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Fiddlehead Fern

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$11.99
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Fiddlehead Fern - Matteuccia Struthiopteris Hardy Planting Zones- 3-9 Sun or Shade – Light to Full Shade Mature Height - 36-72" Mature Width- 60-96" Bloom Season – Not a flowering plant Gardener Status- Beginner

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Fiddlehead Fern

Fiddlehead Fern--Matteuccia Struthiopteris. Also called ostrich fern, or shuttlecock fern, the fiddlehead fern is known for the coiled green shoots that emerge from the soil, called fiddleheads. The fiddleheads themselves are only around for a few weeks, but when they poke their curved green heads out of the ground, you can be sure spring is on the way. The fiddlehead's distinctive spiral shape is the frond or leaf; all rolled up. The newly emergent fiddlehead is edible, a gourmet delicacy enjoyed by many people. Hardy in Zones 3-7, fiddlehead ferns need light to partial shade, but they can tolerate full shade. They can even tolerate full sun if the soil is kept moist. Mulching ferns can help hold in moisture. Soil for these beautiful ferns can be average to humus-rich. Spreading quickly, these ornamental beauties work well in shaded borders. Their feathery leaves can reach up to more than five feet in length. In the wild, they are often found along woodland streams, so any shady, moist area can be easily enhanced with these gorgeous ferns. Fiddlehead ferns are non-flowering and spread through underground runners, called rhizomes, and dividing them for propagation is easy.

Fiddlehead ferns, also known as ostrich ferns, have a delicious secret. For a short time in the spring, as the fronds poke through the earth, tightly curled at the tip, they are edible. These curls are called a crozier after the curved end of a staff that the bishop carries. You may have noticed them for sale in specialty grocers at a very high price. The taste is a little nutty, slightly bitter, and resembles asparagus. Sautéed in butter with a bit of garlic, they are fabulous. They are an excellent source of antioxidants, with omega-3 and omega-6 fatty acids, they are also immensely in iron and fiber. Best to be harvested in the spring. The rest of the year, these ferns are even more fabulous in your shade garden. If planted in front of a wall or tall hedge, they will be stately and impressive. The graceful, feathery ferns make a marvelous backdrop for flowering plants and show them off. Bleeding hearts and host lilies planted in front of the ferns will be extraordinary.

 

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Fiddlehead FernFiddlehead fern - Matteuccia struthiopteris. This type of fern has a tightly coiled tip that is called a fiddlehead, which can be eaten after being cooked. The more commonly used name for this fern is the ostrich fern, and it is found in temperate climates in North America, central and Northern Europe, and northern Asia. This fern favors riverbanks and sandbars, and its colonies are extremely resistant to flooding due to their vertical crowns but wide laterally reaching stolons. The fronds resemble ostrich plumes, as could be expected from the name. The sterile fronds are green and can grow from 39-67 inches tall and 8-14 inches wide. The fertile fronds are a bit shorter in height at 16-24 inches tall, and they are brown when ripe. They begin to grow during the fall, stand tall during the winter, and produce the fiddleheads in the spring. This plant can be used both for ornamental and culinary purposes. When choosing where to plant, it is important to keep in mind that the plant can grow quite large and if it is not protected from extreme elements in the summer, the leaves can wither into a much less aesthetically pleasing form.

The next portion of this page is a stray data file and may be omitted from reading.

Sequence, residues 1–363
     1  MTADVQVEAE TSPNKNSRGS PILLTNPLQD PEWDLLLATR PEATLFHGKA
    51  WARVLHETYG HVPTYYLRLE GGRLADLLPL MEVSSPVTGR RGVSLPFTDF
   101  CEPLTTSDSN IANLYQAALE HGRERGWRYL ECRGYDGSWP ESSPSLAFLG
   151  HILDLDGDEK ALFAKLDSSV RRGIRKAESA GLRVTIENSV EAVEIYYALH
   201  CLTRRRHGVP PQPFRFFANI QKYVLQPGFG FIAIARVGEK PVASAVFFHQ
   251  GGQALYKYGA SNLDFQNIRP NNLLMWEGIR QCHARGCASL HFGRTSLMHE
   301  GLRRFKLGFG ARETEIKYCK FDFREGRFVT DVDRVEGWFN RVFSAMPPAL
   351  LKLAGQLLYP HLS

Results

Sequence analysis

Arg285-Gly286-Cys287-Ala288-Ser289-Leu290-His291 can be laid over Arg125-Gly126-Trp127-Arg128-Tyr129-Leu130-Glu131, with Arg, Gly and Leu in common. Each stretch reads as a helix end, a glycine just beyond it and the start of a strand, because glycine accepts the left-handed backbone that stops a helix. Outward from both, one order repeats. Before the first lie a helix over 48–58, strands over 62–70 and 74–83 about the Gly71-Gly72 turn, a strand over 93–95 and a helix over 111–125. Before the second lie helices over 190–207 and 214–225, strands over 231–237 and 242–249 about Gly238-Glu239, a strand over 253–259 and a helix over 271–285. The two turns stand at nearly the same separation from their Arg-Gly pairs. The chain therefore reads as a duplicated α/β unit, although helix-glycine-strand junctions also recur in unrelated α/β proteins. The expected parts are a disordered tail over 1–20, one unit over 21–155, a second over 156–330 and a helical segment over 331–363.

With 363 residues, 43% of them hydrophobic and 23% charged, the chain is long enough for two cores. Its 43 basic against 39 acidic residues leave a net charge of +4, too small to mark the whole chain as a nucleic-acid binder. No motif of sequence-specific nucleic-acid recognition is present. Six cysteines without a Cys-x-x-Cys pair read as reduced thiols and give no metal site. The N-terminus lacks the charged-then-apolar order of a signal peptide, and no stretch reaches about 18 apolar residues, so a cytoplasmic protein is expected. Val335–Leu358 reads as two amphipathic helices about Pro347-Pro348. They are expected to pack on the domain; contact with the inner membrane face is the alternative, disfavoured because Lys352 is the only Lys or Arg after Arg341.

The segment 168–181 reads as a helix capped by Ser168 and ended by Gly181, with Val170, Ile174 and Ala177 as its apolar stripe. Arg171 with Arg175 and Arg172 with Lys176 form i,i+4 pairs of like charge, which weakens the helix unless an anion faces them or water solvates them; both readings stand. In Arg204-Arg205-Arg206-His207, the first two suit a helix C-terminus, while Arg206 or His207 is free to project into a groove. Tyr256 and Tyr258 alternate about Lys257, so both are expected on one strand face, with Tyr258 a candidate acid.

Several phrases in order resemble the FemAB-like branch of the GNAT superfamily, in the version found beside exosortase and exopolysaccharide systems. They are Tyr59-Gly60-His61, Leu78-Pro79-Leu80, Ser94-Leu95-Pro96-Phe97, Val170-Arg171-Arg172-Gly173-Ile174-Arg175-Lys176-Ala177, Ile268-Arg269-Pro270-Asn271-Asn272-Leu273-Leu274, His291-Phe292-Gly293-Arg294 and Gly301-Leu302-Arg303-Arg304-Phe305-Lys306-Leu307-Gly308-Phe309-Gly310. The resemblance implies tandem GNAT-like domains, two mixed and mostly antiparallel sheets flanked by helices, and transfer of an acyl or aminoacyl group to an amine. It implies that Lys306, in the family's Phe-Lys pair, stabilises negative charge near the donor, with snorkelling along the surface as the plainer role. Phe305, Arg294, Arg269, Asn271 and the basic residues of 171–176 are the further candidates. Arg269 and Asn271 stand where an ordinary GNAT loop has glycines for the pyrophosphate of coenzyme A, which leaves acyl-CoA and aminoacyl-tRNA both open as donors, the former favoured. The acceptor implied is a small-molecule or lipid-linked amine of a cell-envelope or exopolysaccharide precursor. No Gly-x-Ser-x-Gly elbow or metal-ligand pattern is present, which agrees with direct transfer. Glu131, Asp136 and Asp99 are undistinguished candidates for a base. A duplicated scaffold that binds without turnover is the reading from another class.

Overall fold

Fiddlehead ferns, also known as ostrich ferns, have a delicious secret. For a short time in the spring, as the fronds poke through the earth, tightly curled at the tip, they are edible. These curls are called a crozier after the curved end of a staff that the bishop carries. You may have noticed them for sale in specialty grocers at a very high price. The taste is a little nutty, slightly bitter, and resembles asparagus. Sautéed in butter with a bit of garlic, they are fabulous. They are a great source of antioxidants, with omega-3 and omega-6 fatty acids, they are also immensely in iron and fiber. Best to be harvested in the spring. The rest of the year, these ferns are even more fabulous in your shade garden. If planted in front of a wall or tall hedge, they will be stately and impressive. The graceful, feathery ferns make a marvelous backdrop for flowering plants and show them off. Bleeding hearts and host lilies planted in front of the ferns will be extraordinary.

Fiddlehead Fern